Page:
An experimental study of autoclaved aerated concrete lintels strengthened with externally bonded glass FRP

Ali M. Memari, Andres Lepage, Jarin Setthachayanon

Research output: Contribution to journalArticlepeer-review

8 Scopus citations

Abstract

This article presents the experimental data obtained from four-point loading of AAC lintels and compares the measured failure loads with capacities predicted using the conventional strength-design method. Fiber-reinforced polymer (FRP) fabrics are used to strengthen existing concrete structures as an alternative to externally bonded steel plates. Design approaches have been developed for application of FRP on conventional concrete surfaces, but there are other types of concrete materials that have not been sufficiently studied for FRP application. Autoclaved aerated concrete (AAC) is one such material introduced in the US market in the mid 1990s. There is an interest in evaluating the feasibility of application of FRP to retrofit existing structures or components made of AAC (e.g., AAC lintels, floor panels, wall panels, etc.). The specimens used in this study include AAC lintels without FRP and with two alternative schemes of FRP applied to the external lintel surfaces for flexural and shear strengthening. Specimens of conventional reinforced concrete were also tested for comparison with AAC when both are strengthened with FRP. The measured test data provide a basis for evaluating the accuracy of existing strength-design equations to predict the capacity of such specimens. Test results show that the application of FRP at the bottom of the lintels, in combination with U-wrap at the ends of the lintels, increases the load and deflection capacities. Comparison of test results and calculated strengths shows that the existing guidelines such as ACI 440.2R and ACI 523.4R give safe estimates of shear and flexural strength for FRP-enhanced AAC lintels.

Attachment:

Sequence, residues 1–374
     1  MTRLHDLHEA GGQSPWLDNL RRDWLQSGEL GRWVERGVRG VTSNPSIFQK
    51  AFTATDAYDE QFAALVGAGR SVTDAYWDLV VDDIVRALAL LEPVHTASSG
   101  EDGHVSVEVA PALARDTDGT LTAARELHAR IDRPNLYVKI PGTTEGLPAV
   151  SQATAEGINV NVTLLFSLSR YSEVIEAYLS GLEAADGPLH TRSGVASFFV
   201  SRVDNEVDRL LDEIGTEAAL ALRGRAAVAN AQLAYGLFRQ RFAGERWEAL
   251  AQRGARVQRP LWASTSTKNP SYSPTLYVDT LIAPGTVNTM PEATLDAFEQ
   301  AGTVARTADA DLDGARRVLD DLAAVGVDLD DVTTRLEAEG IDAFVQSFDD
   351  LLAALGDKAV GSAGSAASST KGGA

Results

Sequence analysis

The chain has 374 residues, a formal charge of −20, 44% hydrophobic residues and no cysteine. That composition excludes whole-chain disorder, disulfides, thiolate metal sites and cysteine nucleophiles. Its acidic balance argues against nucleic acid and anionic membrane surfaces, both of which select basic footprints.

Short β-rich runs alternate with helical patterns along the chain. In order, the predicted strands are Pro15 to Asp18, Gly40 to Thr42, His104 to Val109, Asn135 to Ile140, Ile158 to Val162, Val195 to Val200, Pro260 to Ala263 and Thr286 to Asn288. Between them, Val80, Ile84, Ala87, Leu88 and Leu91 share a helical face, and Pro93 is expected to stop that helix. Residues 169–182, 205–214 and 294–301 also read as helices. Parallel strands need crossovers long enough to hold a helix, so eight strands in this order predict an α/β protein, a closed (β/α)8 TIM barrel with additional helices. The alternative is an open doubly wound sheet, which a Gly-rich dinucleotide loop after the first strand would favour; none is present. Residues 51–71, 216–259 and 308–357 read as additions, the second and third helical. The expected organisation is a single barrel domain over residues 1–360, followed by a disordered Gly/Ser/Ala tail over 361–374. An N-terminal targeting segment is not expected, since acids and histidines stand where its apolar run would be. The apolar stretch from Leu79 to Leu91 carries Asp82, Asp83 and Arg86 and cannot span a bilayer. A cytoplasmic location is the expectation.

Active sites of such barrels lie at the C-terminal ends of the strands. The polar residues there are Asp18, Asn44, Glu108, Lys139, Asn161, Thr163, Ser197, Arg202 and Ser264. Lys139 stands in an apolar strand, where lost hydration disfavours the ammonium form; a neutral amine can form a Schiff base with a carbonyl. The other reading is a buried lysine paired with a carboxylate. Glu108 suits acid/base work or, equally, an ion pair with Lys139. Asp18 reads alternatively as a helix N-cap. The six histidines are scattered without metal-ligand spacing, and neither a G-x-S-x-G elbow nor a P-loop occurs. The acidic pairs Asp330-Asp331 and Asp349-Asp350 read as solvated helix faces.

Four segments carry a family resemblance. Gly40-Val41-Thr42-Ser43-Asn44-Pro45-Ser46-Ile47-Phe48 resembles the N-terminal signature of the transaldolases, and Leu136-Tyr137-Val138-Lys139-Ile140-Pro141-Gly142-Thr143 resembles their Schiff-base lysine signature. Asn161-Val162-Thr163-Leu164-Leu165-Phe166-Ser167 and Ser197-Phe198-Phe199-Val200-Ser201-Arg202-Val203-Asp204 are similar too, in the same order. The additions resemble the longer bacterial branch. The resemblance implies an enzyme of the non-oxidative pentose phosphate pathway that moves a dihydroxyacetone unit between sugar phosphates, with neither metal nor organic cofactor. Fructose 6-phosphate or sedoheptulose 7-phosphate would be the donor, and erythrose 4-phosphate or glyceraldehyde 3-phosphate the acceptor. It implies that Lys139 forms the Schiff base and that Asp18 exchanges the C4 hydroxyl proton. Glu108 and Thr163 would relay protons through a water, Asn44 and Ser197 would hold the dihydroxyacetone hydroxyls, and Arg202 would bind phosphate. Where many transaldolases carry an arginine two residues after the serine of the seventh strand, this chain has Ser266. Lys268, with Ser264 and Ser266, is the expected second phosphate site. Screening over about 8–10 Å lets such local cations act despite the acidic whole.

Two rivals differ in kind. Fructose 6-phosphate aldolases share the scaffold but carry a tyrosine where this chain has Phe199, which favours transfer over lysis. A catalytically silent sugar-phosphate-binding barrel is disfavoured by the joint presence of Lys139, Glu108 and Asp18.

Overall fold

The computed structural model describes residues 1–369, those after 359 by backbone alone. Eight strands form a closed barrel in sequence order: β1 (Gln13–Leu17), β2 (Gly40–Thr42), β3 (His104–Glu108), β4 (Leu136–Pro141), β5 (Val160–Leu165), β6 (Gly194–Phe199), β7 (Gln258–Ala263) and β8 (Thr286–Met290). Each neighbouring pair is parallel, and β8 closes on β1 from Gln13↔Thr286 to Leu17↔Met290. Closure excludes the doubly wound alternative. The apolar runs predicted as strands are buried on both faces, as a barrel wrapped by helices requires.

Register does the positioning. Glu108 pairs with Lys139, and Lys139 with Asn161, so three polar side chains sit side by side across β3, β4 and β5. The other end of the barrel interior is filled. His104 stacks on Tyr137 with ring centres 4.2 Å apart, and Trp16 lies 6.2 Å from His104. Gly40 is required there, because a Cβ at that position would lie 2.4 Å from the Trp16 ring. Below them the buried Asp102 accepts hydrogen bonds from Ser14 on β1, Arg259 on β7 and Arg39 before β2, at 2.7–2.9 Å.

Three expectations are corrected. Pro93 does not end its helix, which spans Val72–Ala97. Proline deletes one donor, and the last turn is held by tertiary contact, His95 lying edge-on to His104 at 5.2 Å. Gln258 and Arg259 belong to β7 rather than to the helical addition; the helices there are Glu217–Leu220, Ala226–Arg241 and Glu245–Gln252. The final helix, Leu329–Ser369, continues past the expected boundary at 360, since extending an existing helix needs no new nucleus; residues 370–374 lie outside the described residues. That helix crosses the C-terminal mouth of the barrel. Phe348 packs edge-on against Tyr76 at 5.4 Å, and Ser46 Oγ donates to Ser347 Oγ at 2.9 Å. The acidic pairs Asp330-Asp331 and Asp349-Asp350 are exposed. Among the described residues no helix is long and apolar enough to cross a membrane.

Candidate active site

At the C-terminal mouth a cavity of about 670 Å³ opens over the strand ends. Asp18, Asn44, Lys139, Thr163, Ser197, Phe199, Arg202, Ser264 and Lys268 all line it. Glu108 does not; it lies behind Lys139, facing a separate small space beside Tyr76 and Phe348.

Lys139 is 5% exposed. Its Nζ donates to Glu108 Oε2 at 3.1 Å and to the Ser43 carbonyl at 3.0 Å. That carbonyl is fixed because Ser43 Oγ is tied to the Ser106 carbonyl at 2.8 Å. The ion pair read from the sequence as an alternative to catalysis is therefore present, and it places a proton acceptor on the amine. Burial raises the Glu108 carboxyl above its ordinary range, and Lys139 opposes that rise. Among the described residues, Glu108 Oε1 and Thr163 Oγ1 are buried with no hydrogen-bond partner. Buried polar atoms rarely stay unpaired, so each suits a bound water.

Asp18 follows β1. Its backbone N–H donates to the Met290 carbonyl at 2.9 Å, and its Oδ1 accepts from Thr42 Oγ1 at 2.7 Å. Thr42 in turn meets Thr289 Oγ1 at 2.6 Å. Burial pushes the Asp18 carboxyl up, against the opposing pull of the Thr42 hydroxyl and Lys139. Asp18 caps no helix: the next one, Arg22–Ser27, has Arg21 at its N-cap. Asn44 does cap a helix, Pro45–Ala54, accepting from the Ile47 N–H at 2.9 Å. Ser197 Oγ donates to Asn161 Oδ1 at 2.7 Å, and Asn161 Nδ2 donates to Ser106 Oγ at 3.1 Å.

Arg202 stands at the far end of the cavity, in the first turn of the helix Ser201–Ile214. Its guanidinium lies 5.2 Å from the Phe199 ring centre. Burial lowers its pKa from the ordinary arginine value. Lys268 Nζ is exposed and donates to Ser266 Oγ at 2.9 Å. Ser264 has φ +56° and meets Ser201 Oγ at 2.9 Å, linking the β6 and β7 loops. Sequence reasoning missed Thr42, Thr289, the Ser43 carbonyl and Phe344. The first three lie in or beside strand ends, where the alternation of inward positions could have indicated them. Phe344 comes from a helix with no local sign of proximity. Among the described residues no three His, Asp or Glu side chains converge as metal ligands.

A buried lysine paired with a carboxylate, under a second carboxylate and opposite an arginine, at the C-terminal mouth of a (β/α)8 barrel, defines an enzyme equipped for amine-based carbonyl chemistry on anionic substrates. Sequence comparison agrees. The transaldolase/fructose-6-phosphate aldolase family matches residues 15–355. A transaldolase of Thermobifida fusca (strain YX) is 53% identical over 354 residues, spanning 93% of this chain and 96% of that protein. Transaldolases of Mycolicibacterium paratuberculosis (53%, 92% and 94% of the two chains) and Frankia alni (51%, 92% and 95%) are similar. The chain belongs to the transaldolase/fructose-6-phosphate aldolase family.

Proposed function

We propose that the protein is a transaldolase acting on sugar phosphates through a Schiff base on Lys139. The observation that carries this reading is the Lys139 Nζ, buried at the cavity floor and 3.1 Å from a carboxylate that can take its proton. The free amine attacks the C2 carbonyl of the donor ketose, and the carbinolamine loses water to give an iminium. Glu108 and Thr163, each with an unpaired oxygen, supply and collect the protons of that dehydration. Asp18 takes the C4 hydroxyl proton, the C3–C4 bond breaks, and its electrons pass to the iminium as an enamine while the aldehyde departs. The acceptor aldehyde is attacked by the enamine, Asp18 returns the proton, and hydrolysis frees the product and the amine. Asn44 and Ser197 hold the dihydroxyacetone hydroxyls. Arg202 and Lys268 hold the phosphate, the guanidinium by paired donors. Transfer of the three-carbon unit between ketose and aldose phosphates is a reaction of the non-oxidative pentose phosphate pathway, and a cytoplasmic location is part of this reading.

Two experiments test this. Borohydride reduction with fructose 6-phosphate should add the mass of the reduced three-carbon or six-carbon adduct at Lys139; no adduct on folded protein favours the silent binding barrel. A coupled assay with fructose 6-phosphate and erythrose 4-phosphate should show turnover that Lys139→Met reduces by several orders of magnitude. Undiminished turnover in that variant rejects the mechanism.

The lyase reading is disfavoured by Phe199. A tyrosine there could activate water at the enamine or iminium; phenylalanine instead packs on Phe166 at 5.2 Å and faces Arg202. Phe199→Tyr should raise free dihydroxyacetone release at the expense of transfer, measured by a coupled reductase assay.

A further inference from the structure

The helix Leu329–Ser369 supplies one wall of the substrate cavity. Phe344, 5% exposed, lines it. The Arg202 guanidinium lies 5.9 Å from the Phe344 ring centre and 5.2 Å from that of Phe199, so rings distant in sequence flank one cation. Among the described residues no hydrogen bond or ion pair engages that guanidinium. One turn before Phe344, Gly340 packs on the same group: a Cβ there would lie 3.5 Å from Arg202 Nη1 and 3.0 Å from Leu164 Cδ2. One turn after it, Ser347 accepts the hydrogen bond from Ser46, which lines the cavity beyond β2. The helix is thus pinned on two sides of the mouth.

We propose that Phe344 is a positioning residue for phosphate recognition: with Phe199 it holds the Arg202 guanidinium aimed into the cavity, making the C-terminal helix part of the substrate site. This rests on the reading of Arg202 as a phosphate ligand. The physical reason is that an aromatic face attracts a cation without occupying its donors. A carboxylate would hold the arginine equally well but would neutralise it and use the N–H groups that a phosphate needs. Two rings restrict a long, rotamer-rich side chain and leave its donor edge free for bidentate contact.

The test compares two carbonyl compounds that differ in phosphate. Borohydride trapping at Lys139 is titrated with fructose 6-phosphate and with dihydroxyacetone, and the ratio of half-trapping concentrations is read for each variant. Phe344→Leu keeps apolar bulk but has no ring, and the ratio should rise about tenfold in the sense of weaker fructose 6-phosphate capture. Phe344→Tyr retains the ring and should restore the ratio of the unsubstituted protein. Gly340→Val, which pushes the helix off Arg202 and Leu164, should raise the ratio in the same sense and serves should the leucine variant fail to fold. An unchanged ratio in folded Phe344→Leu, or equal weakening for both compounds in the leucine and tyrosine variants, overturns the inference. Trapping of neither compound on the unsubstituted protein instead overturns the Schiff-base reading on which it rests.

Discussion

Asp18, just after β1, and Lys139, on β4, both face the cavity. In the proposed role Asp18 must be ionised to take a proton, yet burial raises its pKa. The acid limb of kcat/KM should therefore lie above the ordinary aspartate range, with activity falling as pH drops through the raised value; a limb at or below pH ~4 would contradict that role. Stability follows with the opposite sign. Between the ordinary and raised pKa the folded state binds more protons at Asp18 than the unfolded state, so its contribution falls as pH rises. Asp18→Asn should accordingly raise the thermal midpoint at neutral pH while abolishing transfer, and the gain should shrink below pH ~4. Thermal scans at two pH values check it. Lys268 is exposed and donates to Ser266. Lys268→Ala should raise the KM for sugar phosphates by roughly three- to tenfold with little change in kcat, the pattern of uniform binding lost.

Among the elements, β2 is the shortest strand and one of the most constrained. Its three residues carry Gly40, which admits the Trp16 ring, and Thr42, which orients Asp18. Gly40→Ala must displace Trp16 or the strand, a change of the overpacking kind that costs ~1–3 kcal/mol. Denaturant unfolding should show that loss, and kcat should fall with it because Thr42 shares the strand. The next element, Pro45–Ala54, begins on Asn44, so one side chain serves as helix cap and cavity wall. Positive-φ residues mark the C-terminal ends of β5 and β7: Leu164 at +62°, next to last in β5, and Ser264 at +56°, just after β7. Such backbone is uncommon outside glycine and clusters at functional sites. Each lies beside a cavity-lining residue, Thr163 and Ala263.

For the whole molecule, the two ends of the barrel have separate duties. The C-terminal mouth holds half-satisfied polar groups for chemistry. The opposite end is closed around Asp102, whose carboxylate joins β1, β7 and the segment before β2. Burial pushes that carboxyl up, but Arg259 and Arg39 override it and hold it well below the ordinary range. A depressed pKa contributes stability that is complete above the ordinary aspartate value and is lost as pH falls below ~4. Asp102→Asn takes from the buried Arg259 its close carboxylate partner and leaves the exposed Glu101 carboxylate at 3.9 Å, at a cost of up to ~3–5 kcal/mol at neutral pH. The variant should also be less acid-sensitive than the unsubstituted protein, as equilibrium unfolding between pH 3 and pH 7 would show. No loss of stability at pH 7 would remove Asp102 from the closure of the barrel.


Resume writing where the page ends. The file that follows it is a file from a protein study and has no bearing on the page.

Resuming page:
Original languageEnglish (US)
Pages (from-to)3322-3337
Number of pages16
JournalJournal of Reinforced Plastics and Composites
Volume29
Issue number22
DOIs
StatePublished - Nov 1 2010

All Science Journal Classification (ASJC) codes

  • Ceramics and Composites
  • Mechanics of Materials
  • Mechanical Engineering
  • Polymers and Plastics
  • Materials Chemistry

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